Poseidon Expeditions Blog - Posts with tag "Antarctica"

Who or What Governs Antarctica? And How Does This Affect Tourism?


Most travelers to Antarctica know that the Seventh Continent is not sovereign territory belonging to any one nation, but rather is governed by an international agreement: the Antarctic Treaty. That’s not to say that there weren’t pre-existing claims of sovereignty prior to the Treaty’s coming into force. Argentina, Australia, Chile, France, New Zealand, Norway and the United Kingdom all had territorial claims to parts of Antarctic, some going back to the 19th century. But with the signing of the Treaty in December 1959, these sovereign states mutually agreed to put their claims in abeyance for the duration of the Treaty’s life, 100 years.⁣

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Putting a priority on the “Wilderness Etiquette” in Antarctica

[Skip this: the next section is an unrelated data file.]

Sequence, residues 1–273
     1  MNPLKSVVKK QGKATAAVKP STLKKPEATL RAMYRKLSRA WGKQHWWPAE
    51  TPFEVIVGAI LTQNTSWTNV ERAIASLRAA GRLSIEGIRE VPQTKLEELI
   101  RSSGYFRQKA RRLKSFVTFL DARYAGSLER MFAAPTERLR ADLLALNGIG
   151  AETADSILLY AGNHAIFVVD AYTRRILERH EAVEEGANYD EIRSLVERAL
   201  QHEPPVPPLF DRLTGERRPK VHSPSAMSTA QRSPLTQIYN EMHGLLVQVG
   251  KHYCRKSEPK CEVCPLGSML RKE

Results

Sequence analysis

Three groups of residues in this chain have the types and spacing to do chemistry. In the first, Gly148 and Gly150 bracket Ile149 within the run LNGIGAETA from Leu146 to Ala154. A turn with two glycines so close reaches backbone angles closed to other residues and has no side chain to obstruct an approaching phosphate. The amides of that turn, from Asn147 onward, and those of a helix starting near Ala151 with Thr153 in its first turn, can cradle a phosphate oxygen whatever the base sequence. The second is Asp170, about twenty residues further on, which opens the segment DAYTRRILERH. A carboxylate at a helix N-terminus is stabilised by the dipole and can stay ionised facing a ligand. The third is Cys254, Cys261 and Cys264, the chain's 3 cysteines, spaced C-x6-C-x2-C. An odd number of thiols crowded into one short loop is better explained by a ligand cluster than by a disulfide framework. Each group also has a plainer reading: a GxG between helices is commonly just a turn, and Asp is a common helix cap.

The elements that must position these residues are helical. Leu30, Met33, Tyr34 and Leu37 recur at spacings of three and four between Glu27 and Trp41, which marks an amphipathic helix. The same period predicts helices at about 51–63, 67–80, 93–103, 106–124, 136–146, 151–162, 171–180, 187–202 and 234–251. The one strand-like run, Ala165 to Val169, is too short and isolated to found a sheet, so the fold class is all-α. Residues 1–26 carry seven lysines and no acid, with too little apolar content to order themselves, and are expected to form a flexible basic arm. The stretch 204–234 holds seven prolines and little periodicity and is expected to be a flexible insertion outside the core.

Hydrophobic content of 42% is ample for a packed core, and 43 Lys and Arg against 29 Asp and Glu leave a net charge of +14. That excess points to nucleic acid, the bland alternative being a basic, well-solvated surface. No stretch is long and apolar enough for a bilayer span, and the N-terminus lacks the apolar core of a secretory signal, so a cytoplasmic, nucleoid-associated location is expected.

Passengers returning from their Antarctica cruise are sometimes surprised by the pleasant lack of seeing other ships during their adventure to the White Continent. Upon arrival in Ushuaia, these travelers sometimes marvel at observing eight or even ten ships of all sizes tied up alongside the long dock on “turn-around day” – that’s industry slang for disembarkation/embarkation and re-supply day – at the same time. And, most travelers have read that there are more expedition ships visiting the Antarctic Peninsula than in past years.
But, once these visitors get to Antarctica, where did all the ships go? Some guests report that they enjoyed an entire week without seeing another vessel once they left port.⁣

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Antarctic Wildlife Webinar with Anja Erdmann-Rutten 24 July 2020


Antarctic region is a pristine polar wilderness featuring abundant wildlife.
Watch our webinar devoted to Antarctic animals and become an Antarctic wildlife expert! Our experienced and knowledgeable expedition leader with 20 years of polar experience Anja Erdmann-Rutten shares with you the most amazing facts about penguins, seals, whales and albatrosses.⁣

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Crossing the Antarctic Convergence on Your Polar Cruise